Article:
Pressure gauges stand in front of a pumpjack of Austrian oil and gas group OMV in an oilfield near Gaenserndorf
By Jessica Resnick-Ault
New York (Reuters) - Oil prices dipped on Thursday, struggling to recover from four-month lows because of investor concerns that OPEC-led supply cuts were not yet reducing record U.S. crude inventories.
Benchmark Brent crude oil (LCOc1) settled at $50.56 a barrel, down 8 cents on the day and holding above Wednesday's slide to $49.71, its lowest level since Nov. 30 when OPEC announced plans to cut output.
U.S. crude futures fell 34 cents on the day, settling at $47.70 a barrel.
Brent remains well below this year's high above $58, reached shortly after Jan. 1 when the deal between the Organization of the Petroleum Exporting Countries and non-OPEC states to curb supplies by 1.8 million barrels per day (bpd) came into effect.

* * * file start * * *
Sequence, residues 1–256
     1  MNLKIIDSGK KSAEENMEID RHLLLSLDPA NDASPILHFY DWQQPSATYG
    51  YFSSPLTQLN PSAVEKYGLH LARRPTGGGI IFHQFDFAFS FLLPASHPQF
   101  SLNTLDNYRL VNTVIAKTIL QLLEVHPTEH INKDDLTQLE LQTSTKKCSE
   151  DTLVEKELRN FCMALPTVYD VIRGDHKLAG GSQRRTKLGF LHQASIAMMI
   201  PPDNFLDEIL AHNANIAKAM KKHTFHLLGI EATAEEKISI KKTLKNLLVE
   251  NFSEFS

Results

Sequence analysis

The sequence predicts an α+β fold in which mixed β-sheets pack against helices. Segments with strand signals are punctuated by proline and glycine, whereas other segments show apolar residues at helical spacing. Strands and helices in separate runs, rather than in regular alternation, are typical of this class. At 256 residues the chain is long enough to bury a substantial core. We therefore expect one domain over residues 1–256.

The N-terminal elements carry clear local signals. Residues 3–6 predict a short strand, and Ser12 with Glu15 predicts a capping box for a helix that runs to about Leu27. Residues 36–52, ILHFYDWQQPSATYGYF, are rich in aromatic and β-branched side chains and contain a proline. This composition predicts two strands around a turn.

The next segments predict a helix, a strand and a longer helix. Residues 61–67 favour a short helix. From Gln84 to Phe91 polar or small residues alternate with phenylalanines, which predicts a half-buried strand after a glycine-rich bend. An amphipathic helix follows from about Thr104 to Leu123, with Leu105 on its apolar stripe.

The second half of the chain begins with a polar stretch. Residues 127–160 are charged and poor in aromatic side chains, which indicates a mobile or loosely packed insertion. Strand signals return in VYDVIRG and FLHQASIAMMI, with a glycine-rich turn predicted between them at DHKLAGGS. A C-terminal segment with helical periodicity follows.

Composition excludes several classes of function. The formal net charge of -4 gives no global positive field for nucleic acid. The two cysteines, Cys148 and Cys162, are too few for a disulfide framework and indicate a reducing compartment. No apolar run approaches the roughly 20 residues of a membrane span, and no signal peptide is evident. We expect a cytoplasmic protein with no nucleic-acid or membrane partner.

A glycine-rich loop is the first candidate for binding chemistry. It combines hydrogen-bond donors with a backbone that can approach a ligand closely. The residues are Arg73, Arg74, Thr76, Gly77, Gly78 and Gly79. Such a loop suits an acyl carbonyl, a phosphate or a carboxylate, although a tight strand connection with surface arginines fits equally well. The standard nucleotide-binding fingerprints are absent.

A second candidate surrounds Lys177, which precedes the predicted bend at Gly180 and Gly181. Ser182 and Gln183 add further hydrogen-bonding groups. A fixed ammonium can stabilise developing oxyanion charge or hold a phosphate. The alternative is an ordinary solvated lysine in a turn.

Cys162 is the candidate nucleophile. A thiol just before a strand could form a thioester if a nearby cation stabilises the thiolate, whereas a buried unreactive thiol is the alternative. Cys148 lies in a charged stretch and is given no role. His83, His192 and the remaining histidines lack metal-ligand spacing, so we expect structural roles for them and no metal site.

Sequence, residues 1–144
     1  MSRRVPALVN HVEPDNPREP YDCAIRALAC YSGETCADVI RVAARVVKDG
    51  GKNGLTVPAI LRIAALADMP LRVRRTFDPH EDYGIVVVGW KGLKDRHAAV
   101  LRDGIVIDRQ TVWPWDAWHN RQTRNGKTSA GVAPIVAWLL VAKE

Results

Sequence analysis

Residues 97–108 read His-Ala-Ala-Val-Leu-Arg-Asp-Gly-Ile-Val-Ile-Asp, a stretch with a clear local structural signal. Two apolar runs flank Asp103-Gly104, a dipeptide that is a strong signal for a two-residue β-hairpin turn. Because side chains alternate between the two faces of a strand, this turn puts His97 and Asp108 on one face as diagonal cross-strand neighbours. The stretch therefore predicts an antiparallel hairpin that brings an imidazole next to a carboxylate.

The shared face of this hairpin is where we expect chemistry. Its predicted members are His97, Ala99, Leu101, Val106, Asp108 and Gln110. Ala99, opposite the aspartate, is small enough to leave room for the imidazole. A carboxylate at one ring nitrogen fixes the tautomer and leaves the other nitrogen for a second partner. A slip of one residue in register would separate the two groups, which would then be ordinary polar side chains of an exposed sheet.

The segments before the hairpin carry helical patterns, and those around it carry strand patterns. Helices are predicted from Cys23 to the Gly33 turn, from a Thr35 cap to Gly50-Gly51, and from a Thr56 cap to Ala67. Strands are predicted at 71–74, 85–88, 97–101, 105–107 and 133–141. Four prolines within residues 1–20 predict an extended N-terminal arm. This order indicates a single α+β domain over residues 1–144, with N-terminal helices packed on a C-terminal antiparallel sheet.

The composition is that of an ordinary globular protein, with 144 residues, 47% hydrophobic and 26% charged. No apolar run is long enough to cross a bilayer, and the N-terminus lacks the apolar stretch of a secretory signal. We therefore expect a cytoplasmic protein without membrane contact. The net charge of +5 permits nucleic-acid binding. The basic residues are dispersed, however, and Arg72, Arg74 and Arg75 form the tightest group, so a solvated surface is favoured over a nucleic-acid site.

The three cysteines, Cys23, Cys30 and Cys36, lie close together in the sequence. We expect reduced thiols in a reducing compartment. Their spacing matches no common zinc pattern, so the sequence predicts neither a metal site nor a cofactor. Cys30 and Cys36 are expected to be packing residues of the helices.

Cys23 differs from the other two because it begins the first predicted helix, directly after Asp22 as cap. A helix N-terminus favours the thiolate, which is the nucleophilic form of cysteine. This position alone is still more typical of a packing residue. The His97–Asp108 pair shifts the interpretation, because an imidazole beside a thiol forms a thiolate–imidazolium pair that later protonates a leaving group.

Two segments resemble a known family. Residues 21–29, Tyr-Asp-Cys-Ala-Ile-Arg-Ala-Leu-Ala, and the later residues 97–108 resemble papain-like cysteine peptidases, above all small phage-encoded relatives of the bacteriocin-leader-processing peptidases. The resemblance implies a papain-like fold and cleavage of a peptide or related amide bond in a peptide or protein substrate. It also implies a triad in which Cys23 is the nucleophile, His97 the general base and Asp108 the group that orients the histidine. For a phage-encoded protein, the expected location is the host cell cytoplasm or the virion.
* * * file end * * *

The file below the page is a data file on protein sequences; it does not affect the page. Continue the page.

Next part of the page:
OPEC has broadly met its commitments to reduce output, but non-OPEC producers have yet to fully deliver on pledged cuts and U.S. shale oil producers have been pumping more oil after crude prices recovered from last year's drop below $30.
"OPEC is going to do their best to jawbone this market higher, but it seems the market is going to do its best to reject that," said Oliver Sloup, director of managed futures at IITrader.com. "We think there won't be as much follow-through from OPEC as there has been in the past."
The market may come under further pressure as U.S. rig counts continue to rise, indicating production growth is outpacing demand, he said.
"Headwinds from rising production and compliance issues will keep the upside limited for now," said Ole Hansen, head of commodity strategy at Saxo Bank, adding that risks were "skewed to the downside" and the upside for Brent was limited to $53.
Oil ministers from OPEC and some non-OPEC states meet on Sunday in Kuwait, where they are expected to discuss compliance.
Global stockpiles have risen even with OPEC-led cuts. On Wednesday, data from the U.S. Energy Information Administration showed U.S. inventories jumped by a bigger-than-expected 5 million barrels last week to 533.1 million. [EIA/S]
(Additional reporting by Henning Gloystein and Keith Wallis in Singapore, Edmund Blair in London; Editing by Ruth Pitchford and Cynthia Osterman)